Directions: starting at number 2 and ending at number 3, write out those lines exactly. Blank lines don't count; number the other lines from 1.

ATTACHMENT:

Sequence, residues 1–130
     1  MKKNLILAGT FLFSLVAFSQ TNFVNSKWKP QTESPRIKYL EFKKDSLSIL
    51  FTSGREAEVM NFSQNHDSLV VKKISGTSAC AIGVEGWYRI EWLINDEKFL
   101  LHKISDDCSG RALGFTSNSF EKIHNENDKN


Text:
     1  MKKNLILAGT FLFSLVAFSQ TNFVNSKWKP QTESPRIKYL EFKKDSLSIL
    51  FTSGREAEVM NFSQNHDSLV VKKISGTSAC AIGVEGWYRI EWLINDEKFL